Posted by: Mike Cornelius | September 27, 2012

Zebras Win, Three Weeks Too Late

Perhaps it will not matter. When the gun sounds to end the final NFL regular season game on the evening of December 30, perhaps a one game change in the records of both Green Bay and Seattle won’t be decisive in whether either team makes the playoffs nor impact their seeding if they do. But in a season of just sixteen contests every one is critical and “perhaps” is just so much wishful thinking. That reality combined with the NFL’s enormous popularity and the millions of dollars wagered on every game all help to explain the enormous outpouring of rage and frustration from fans after replacement officials handed the Seahawks a victory Monday night by blatantly blowing two calls on the game’s final play.

As anyone not living in a cave already knows, with the clock ticking down the final eight seconds and his team trailing 12-7, Seattle quarterback Russell Wilson dropped back in the pocket and lofted a desperate throw toward the left side of the Packer’s end zone. There receiver Golden Tate first committed offensive pass interference by shoving a Green Bay defender to the ground. Then as Wilson’s pass dropped from the sky Tate was out jumped by Packer safety M.D. Jennings. Jennings caught the ball and only as he fell to the ground with the game-ending interception did Tate lay his hands on the pigskin. Yet despite what ESPN’s broadcast crew and millions of viewers clearly saw, that sequence resulted in a non-call of pass interference on Seattle and a signaling of touchdown for the Seahawks. After an interminable review that had become the norm during the three weeks that replacement officials were used, that ruling was allowed to stand based on the NFL’s simultaneous catch rule which gives possession to the offense; thus giving a new, time-lapsed meaning to the word “simultaneous.”

The 14-12 Seattle victory led commentators, fans, and a significant number of NFL players to take to the airwaves, blogs, and social media to decry that fact that in the season’s third week the inevitable had finally happened; a game’s outcome had been directly determined by the bumbling of replacement officials the NFL was utilizing while locking out the league’s unionized referees. A chorus of complaints about the replacements that had been building since the preseason reached a crescendo Monday night and on into Tuesday morning, and not just in Wisconsin.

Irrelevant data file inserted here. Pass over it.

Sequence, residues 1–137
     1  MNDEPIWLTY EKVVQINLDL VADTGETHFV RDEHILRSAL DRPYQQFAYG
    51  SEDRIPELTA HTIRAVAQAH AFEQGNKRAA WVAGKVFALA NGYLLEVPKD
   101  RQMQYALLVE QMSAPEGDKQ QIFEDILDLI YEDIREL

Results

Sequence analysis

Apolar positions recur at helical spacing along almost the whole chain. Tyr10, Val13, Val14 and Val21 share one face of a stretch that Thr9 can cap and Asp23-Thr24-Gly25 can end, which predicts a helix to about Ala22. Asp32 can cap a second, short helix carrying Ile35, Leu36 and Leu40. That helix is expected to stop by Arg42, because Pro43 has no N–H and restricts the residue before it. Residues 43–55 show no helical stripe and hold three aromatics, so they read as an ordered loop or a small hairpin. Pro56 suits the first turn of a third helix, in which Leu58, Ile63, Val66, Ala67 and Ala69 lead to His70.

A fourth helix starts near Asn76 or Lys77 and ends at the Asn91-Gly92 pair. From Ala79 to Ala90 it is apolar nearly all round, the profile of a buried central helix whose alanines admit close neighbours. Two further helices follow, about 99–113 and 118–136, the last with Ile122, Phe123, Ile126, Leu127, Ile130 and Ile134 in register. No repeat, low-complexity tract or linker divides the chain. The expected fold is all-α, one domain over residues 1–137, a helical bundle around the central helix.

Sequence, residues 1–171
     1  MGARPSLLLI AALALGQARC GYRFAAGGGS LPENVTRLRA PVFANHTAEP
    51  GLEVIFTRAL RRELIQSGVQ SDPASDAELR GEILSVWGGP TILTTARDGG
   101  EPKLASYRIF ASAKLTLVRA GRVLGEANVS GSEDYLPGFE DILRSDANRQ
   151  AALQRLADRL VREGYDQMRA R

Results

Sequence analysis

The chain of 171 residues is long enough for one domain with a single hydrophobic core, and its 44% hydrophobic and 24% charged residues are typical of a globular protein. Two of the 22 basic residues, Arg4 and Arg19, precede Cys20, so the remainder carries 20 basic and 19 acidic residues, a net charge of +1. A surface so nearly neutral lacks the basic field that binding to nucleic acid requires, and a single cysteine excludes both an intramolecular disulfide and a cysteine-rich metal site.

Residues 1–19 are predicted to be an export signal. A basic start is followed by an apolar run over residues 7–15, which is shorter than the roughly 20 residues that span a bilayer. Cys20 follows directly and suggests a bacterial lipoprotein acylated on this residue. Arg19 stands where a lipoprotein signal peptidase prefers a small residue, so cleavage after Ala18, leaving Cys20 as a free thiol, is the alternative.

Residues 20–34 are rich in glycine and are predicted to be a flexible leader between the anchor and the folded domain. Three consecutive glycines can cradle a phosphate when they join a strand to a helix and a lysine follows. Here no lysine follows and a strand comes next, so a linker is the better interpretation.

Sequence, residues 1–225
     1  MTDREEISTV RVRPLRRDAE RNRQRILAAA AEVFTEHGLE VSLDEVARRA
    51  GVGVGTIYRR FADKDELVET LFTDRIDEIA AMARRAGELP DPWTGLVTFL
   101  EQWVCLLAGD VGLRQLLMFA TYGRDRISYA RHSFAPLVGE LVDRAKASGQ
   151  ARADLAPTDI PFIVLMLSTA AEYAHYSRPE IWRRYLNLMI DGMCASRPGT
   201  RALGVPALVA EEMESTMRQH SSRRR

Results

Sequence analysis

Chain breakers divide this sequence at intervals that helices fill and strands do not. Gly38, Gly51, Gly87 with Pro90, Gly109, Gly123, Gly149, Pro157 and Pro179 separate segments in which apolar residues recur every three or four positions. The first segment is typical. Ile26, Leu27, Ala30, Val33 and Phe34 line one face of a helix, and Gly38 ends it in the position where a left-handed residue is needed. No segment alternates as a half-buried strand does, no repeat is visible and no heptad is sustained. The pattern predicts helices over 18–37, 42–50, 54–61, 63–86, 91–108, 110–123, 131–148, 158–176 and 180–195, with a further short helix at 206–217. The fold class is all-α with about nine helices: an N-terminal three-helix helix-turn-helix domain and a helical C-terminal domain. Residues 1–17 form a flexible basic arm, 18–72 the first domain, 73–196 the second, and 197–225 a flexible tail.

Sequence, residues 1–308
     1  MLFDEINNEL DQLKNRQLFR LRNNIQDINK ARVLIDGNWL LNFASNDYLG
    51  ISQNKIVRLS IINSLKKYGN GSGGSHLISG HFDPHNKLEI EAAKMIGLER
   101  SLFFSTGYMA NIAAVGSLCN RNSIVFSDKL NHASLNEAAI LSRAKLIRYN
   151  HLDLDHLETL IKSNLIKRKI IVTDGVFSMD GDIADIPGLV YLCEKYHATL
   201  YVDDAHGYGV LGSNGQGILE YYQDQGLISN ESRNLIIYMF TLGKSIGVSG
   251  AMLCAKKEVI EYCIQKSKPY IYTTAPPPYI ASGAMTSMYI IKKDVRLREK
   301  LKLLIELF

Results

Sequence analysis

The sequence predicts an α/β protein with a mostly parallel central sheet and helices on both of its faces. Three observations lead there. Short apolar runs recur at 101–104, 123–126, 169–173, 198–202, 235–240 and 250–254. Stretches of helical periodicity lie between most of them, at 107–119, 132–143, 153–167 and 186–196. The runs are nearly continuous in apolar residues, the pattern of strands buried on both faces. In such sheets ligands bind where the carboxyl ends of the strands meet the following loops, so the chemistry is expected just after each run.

Yet even as the blown calls became discussion material amongst the most casual of fans, NFL owners and Commissioner Roger Goodell at first appeared determined to ride out the storm. On Tuesday afternoon the league released a statement that was remarkable for its vacuity. It first acknowledged that the Seahawks should have been called for pass interference, but ignored the fact that a yellow flag floating to the ground in the Packers’ end zone would have resulted in a different final score. Instead the statement went on to discuss at considerable length, with detailed citations of various rules, why the game’s referee was correct in deciding to not overturn the initial, and obviously erroneous, ruling on the field.

If the statement, which had all of the passion of a legal brief in a copyright infringement case, was meant to calm angry fans, it failed miserably. Calls for the NFL to reach a settlement with the locked out referees intensified. I spoke with some fans who seemed serious in their pledges to find Sunday afternoon activities away from their flat screens as long as the replacements continued to call the games. Increasingly commentary focused on the miniscule nature of the financial dispute with the officials union for the $9 billion NFL, making the owners seem like little more than petty bullies.